Cyclical companies are sensitive to inflation and how the economy is performing but having a negative correlation mixed with a positive correlation stock is a good diversifying tactic.
Cyclical companies range from the sectors that got beaten down in 2020 from airlines to hospitality. Yet with vaccinations on the rise, they are anticipating pre-pandemic demand in the next coming weeks to come back to full bloom. Cyclicals include automobiles, airlines, hotels, hospitality, tourism, leisure, and the travel sector. Lastly, growth stocks such as tech, EV and/or science grow faster than the economy and could be extremely volatile. They are the opposite of high-yielding.
As with everything, never put all your eggs in 1 basket and diversify! Risk whatever you’re willing to lose. Tech had an incredible year with remote work and stay-at-home orders put into place. The only way we could survive was online but as we head back to normal life, no doubt technology will still be a part of our lives but when it comes to our portfolio, we have to realize that stocks prefer lower interest rates and bonds are more preferable even if they’re more conservative.
When inflation hits there’s no point in paying a premium for pricing power stocks, so cheap value stocks such as telecommunications or cable TV become more attractive.
#4 TIPS (Treasury Inflation-Protected Securities)
TIPS are one of the best sources of inflation protection bonds/securities as their coupons (interest rate) and repayments at maturity are directly correlated to consumer prices. In order to get the most bang for your buck, inflation needs to rise by at least by 1% to maintain purchasing power. When it ticks up, TIPS prices rise as well since more people buy them.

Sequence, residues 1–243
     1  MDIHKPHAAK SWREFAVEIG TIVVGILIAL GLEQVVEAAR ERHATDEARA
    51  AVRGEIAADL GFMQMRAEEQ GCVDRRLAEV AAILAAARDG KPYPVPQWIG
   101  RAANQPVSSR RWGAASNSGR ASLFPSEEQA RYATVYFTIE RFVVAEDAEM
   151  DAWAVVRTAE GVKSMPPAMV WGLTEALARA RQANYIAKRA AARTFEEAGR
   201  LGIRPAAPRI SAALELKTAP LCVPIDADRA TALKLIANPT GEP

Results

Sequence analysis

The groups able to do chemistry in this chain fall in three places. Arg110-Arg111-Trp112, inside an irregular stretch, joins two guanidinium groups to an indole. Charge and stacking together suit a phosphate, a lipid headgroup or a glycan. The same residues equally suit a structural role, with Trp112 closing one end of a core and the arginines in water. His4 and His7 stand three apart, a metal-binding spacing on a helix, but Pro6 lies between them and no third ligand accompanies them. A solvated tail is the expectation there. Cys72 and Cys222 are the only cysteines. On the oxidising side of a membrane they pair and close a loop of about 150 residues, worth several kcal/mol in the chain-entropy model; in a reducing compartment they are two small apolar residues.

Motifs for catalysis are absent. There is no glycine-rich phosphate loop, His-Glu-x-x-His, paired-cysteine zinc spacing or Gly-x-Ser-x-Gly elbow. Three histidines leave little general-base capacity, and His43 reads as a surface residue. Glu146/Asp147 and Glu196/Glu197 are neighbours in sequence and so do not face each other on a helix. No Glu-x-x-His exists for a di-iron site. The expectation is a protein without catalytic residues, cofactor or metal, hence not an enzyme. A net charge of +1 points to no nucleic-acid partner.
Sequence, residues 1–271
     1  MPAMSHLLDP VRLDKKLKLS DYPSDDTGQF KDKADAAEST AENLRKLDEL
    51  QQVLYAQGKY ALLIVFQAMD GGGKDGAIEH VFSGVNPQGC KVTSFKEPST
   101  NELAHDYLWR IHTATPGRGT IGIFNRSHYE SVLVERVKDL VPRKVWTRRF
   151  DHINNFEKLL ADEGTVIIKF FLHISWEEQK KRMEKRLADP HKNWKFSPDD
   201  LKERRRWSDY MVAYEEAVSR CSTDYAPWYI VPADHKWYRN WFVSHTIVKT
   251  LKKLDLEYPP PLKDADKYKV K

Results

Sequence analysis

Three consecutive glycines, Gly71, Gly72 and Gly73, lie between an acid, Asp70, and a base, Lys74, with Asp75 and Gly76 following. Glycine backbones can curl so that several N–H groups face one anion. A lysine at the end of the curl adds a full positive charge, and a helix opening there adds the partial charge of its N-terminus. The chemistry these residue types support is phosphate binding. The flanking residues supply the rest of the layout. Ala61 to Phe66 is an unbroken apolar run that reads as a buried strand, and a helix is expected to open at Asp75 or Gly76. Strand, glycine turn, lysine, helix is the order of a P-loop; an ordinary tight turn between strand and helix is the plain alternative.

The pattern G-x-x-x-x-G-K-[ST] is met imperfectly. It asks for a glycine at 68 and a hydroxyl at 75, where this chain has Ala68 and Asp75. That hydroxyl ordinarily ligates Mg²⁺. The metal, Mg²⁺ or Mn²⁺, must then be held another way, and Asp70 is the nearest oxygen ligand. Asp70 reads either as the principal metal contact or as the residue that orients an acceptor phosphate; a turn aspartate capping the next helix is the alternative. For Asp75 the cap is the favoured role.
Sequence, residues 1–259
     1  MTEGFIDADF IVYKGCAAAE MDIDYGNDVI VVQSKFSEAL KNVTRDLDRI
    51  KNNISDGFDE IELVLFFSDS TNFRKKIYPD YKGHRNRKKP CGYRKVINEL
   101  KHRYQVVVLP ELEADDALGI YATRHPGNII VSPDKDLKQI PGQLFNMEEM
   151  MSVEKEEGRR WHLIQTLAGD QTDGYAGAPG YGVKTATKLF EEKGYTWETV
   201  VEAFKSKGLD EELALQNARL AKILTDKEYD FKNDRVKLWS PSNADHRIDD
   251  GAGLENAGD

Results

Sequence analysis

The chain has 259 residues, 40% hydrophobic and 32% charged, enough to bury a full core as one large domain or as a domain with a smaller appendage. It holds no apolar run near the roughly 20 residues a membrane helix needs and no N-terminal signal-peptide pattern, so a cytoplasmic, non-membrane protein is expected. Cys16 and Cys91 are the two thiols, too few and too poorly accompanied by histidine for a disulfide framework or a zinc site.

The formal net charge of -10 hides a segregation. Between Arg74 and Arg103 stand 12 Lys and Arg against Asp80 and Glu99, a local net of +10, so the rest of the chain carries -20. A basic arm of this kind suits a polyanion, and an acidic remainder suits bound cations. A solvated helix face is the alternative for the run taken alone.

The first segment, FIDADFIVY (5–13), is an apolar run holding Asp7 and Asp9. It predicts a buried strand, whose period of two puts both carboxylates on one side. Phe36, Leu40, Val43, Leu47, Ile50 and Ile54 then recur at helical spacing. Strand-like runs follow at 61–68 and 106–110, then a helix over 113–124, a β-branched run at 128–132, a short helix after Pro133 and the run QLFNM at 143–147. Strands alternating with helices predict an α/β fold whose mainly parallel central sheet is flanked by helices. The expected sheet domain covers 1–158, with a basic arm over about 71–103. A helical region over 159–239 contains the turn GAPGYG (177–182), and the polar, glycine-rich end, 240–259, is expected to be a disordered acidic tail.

#5 Assets with Shorter Duration or Bonds with Shorter Maturities
Assets that rely on long-term inflationary fears will be hit the hardest. For example, the 30-year Treasury yield is up from over 1% last year to now 2.3% today. That small rise in a year concealed a loss of more than 20% in price because of the long duration.
Similarly, with growth stocks, they focus on larger profits in the far future which are less attractive in an inflationary environment.
When it comes to your mortgage, you want to refinance as soon as possible before yields and rates rise. You want to snag the cheapest mortgage possible which at the moment is around 2.5–2/8%.
Longer-term assets are hit by inflation and the fears arising about inflation which make them less attractive in themselves.